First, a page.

Estate agents in Dunkitt: Conerney have Dunkitt real estate agents listing houses and property for sale and rent in Dunkitt.
We at Conerney estate agents in Dunkitt offer a wide range of services to buyers and sellers. The Conerney team, which is located in a prominent office in the heart of Dunkitt, combines experience and local knowledge to help with your move. Whether you’re buying, selling, renting, letting or interested in property management in Dunkitt, you can count on a personal and tailored service that’s second-to-none
We have been trading in the area for over 20 years and have helped countless local people move home. As part of a network of estate agents, we help at every step, from mortgage services and conveyancing to EPC’s and surveys. Find estate agents in Dunkitt with Conerney, the number one Ireland property portal.
- Skilled and hard working team of professionals, combining over 20 years of estate agency experience.
- Competitive fees and excellent customer care for all lettings services
- Out of all agents on our area we have the most stock on the market therefore a larger client base.
- Open 6 days a week, with a 7 day a week viewing service, and out of hours numbers we ensure we’re available at times to suit our customers.
- Range of specialised property services including mortgage advice, home conveyancing, surveys, new homes, and a homefinders service
- Prominent High Street location in the heart of Dunkitt.
- Offer a premium marketing pack with professional photography, an extensive home information guide and glossy brochure to up sell your home.
- Unique marketing package available for all new instructions including Home ID & Audio tour.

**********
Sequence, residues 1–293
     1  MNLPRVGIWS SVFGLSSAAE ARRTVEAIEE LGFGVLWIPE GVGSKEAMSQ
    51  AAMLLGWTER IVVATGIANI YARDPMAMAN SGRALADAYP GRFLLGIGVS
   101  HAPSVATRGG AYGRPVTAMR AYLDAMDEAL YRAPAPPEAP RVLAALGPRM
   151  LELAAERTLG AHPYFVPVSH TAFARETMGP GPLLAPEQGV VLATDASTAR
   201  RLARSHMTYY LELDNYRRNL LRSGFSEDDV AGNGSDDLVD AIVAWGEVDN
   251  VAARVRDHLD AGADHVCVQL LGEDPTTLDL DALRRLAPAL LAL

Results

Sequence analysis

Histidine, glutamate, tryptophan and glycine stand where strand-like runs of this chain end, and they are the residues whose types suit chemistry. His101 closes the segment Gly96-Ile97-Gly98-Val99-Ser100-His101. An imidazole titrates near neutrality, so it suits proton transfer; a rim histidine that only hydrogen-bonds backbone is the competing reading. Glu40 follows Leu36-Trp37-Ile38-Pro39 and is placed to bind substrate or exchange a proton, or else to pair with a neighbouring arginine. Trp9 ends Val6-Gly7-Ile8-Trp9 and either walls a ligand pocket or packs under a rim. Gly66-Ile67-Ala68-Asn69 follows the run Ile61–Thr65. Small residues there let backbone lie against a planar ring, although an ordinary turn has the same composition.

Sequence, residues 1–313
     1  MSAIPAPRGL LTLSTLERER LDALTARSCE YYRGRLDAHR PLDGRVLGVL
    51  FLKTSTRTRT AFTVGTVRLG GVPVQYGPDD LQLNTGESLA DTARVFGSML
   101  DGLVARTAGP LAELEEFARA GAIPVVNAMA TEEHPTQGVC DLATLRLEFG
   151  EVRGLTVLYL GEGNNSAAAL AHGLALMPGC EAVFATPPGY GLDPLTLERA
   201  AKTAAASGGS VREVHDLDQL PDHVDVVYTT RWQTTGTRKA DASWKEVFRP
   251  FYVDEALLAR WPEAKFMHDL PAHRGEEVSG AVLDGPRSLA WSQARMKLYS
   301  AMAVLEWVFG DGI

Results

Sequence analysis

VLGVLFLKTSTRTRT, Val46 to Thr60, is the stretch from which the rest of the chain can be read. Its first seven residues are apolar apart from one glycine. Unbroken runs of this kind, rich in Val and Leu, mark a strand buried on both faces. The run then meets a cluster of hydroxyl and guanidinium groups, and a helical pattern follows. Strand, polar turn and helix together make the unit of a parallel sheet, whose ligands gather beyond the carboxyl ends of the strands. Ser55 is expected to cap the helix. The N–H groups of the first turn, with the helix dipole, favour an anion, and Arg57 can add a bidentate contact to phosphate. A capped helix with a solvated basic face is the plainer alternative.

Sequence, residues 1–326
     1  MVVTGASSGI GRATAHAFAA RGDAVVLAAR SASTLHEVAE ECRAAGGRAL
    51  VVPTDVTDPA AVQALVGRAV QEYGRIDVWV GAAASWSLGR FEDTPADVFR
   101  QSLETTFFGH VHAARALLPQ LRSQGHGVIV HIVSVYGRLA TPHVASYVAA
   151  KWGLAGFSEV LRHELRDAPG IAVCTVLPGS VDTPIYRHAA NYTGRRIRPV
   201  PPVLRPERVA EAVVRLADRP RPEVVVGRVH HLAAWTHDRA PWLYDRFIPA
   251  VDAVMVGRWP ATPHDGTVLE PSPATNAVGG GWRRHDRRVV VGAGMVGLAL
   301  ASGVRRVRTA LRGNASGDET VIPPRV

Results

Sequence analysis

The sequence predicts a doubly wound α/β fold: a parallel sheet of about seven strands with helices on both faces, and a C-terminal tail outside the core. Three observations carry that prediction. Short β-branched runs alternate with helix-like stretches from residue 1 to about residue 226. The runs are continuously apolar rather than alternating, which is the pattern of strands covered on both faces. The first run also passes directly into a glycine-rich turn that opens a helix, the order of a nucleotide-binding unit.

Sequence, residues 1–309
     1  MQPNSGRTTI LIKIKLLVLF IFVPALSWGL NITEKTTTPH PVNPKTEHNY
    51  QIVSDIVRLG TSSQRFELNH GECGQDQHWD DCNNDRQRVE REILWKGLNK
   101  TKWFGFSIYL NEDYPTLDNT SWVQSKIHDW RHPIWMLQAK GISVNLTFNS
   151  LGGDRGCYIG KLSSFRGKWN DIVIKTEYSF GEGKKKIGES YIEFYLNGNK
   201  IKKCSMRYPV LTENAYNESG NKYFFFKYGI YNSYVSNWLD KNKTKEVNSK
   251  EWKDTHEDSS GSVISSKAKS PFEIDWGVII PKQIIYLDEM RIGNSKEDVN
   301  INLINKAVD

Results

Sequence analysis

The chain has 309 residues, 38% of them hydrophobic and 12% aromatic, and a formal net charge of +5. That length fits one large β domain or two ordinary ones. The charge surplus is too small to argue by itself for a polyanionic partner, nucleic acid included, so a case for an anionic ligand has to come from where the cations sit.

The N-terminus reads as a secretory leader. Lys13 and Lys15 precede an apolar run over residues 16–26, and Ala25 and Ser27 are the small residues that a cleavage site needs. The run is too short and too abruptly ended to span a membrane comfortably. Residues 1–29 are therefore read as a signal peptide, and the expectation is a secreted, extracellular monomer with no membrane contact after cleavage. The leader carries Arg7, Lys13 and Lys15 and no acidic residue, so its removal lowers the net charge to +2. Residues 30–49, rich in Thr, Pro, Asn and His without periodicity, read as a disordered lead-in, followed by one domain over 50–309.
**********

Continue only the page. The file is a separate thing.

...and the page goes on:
- All of our properties are Featured on DAFT and MYHOME.
MEET THE TEAM
Contact the leading Estate agents in Dunkitt
: Conerney Dunkitt estate agents listing the best property for sale and to rent in or around Dunkitt. Talk to us now about selling and letting your home or search for properties with Conerney Dunkitt Estate Agents.
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How to choose an estate agents
We look at practical ways to shortlist, negotiate with and handle estate agents.
1. Request suggestions
This may appear an obvious place to start, but ask good friends, member of the family and coworkers who have actually just recently moved which estate agents they used and what they considered them.
Also look in your city at the “for sale” and “sold” signs; it’s a helpful sign of the agents that work well in your location.
2. Inspect market credentials
Estate agents now need to be members of The Property Ombudsman or The Surveyors Ombudsman Scheme.
Lots of estate agents will likewise be members of trade bodies. Membership suggests that they need to abide by a standard procedure, which may suggest a higher level of professionalism and diligence. Trade bodies to keep an eye out for are:
Guild of Professional Estate Agents (GPEA).
National Association of Estate Agents (NAEA).
Royal Institution of Chartered Surveyors (RICS).
You should be able to research study this without having to enter an estate agent’s branch. Members of these schemes will be screaming about it on their websites.
3. Go undercover.
Visit your shortlisted estate agents as a potential buyer looking for a residential or commercial property like your house. Focus on how they act and ask yourself two concerns:.